Charlotte’s Web was the very first read aloud novel I shared with our oldest daughter, Theadora. While I knew what was coming, I still cried right along with her when it got to that point. We still marveled at the story, breathed it in together, and thus the book became a part of the narrative that weave us together as a family. I was therefore excited to read Some Writer!: The Story of E.B. White by Melissa Sweet, because it turns out there is so much I did not know about the famous author who has brought the story of Wilbur and Charlotte into our lives.
This book, by far, is one the best biographies I have ever read. The depth of knowledge, the whimsical magic of the illustrations, and the sheer breadth of information is, indeed, wondrous. I kept taking pictures of quotes I wanted to write down, as well as things I wanted to use as teaching materials with my students. I had several students in mind that I want to hand this to as I was reading it as well, thinking of those who love writing, who need inspiration, or who just need an amazing book.
Biographies can be hard to read and write, I feel. They often fit a narrow audience because of the way they are written or you are not quite sure that children will stick with them. But this one sets the bar. This is the book I want to use to teach my students how to write non-fiction, this is the book I want to use when I want to teach them how to be better writers, period. I am so grateful to the publisher for sending me a copy of this book, I already ordered another for my classroom, because I think this one will just reside in my house as I try to find my own inspiration to write. What a tale! What a book! What a life!
This is absolutely appropriate for any age and could be used elementary through college.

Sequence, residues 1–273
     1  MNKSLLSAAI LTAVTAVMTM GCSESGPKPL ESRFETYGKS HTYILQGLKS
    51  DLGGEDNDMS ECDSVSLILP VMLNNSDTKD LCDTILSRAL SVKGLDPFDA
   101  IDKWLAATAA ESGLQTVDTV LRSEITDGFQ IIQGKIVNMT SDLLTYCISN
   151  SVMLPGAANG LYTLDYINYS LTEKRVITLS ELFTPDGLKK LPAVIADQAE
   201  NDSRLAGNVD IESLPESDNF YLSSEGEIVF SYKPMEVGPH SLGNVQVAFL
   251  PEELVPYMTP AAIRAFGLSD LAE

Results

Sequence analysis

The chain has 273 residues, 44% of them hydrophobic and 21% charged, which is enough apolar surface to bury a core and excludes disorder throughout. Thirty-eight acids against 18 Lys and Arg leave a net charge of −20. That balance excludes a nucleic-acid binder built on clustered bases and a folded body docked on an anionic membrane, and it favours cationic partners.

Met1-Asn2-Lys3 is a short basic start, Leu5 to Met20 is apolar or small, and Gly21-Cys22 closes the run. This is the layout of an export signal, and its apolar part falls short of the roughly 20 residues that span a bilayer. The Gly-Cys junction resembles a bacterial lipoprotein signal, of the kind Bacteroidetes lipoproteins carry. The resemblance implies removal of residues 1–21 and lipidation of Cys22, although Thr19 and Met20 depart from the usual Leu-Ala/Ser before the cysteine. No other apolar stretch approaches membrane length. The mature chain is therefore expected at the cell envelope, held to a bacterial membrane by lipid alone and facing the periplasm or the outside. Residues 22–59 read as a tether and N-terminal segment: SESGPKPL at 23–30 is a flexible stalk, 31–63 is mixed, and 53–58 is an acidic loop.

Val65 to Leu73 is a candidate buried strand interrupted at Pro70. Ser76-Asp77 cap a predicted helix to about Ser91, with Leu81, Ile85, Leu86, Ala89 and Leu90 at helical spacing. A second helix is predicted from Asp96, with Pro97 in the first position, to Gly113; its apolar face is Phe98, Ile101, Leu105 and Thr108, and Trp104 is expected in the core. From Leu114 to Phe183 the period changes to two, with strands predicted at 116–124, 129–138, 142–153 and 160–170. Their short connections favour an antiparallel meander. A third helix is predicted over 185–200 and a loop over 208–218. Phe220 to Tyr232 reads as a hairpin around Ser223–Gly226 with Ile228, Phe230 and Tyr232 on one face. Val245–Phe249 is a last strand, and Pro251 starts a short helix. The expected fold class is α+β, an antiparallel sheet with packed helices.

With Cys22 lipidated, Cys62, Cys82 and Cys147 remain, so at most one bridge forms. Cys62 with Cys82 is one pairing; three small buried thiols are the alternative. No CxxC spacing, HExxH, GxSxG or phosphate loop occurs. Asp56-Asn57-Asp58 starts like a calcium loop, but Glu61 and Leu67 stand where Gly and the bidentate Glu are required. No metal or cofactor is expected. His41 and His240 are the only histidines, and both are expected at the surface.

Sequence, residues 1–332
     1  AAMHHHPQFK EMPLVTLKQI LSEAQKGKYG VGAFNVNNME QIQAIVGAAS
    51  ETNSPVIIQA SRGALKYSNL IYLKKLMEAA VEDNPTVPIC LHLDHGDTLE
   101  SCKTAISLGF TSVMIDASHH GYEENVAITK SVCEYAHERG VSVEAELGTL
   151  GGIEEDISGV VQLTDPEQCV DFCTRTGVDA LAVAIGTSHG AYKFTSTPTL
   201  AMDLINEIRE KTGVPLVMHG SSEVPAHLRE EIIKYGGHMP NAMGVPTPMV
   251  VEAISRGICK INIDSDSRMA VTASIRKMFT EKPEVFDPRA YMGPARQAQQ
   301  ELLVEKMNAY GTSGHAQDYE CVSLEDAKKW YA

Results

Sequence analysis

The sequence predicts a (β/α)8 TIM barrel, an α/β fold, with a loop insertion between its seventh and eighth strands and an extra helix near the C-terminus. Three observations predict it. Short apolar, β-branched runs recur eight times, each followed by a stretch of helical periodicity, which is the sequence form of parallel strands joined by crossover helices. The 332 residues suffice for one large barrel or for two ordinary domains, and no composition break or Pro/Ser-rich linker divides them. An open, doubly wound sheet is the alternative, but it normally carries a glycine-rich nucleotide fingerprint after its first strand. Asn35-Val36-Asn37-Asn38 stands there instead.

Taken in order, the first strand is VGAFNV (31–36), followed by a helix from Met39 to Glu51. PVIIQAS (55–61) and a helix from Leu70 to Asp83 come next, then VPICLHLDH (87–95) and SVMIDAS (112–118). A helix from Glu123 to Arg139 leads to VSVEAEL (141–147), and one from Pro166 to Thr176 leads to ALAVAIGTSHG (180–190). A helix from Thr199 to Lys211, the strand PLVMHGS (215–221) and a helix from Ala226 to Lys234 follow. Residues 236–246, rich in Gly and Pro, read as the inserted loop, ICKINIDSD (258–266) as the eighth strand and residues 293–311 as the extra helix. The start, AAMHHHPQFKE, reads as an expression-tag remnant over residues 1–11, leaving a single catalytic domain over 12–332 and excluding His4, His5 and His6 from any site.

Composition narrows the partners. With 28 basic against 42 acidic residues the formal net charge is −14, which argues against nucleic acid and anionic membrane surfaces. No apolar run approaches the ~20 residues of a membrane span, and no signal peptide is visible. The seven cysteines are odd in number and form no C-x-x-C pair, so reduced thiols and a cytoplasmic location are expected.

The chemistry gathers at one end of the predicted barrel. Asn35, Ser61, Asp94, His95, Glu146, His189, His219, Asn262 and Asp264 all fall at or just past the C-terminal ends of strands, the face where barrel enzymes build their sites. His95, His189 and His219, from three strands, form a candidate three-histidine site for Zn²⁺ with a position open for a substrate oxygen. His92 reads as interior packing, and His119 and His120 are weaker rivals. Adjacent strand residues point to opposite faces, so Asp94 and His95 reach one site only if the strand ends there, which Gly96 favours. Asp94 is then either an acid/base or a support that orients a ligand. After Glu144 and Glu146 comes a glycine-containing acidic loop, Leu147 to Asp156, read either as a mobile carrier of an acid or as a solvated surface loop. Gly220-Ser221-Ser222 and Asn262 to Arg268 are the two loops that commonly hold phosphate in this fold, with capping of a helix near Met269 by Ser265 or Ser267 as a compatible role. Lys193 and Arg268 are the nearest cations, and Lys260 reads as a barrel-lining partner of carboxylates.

I have been trying to beef up my nonfiction offerings for my students and anything that discusses social issues is a sure winner in my classroom. Hidden Girl: The True Story of a Modern-Day Child Slave is a book my students need to read. While tough to get through, after all, Shyima was only 8 when she was sold into slavery in Egypt, I think it would be an incredible discussion starter for my students as far as the privilege we have in our school and in our lives. In fact, this book would be a great book club book because I immediately wanted to discuss it with my husband. Now all I have to do is get more copies of it. Thank you Simon and Schuster for sending me this one!
I had heard about this book from just about every blogger I follow. How it was the must read of the summer (even though it wasn’t even out), how this would win awards (and it sure has). And yet, it came to my classroom and sat on the shelf. I don’t know why I didn’t pick it up for over a month. Something about the cover, perhaps, or my own frame of mind. Then one day I remembered just how much I love Jacqueline Woodson. Her book Each Kindness is a staple every year for me (which is probably why it has disappeared from my classroom). So why not read this one?
As the story often goes; I started it and then I finished it. All within two days. All within the same time frame as parent-teacher conferences. Yup, this book made me stay up and read after 13 hours days. That’s how good it is. Why is it so good? I don’t really know. Her voice, her story, the images that came to my mind as I connected the lines between her story and America’s story. But even though I loved it, I had an incredibly hard time envisioning which student I would hand it to, not sure where it belongs. But it fit right into my heart. It fit right into everything I believe is great about books.
So bottomline: Yes, add it to your classroom library. 5th grade and up or perhaps even younger. Share it with your students and hope that someone else gets it just like you got it.
Raised in South Carolina and New York, Woodson always felt halfway home in each place. In vivid poems, she shares what it was like to grow up as an African American in the 1960s and 1970s, living with the remnants of Jim Crow and her growing awareness of the Civil Rights movement. Touching and powerful, each poem is both accessible and emotionally charged, each line a glimpse into a child’s soul as she searches for her place in the world. Woodson’s eloquent poetry also reflects the joy of finding her voice through writing stories, despite the fact that she struggled with reading as a child. Her love of stories inspired her and stayed with her, creating the first sparks of the gifted writer she was to become.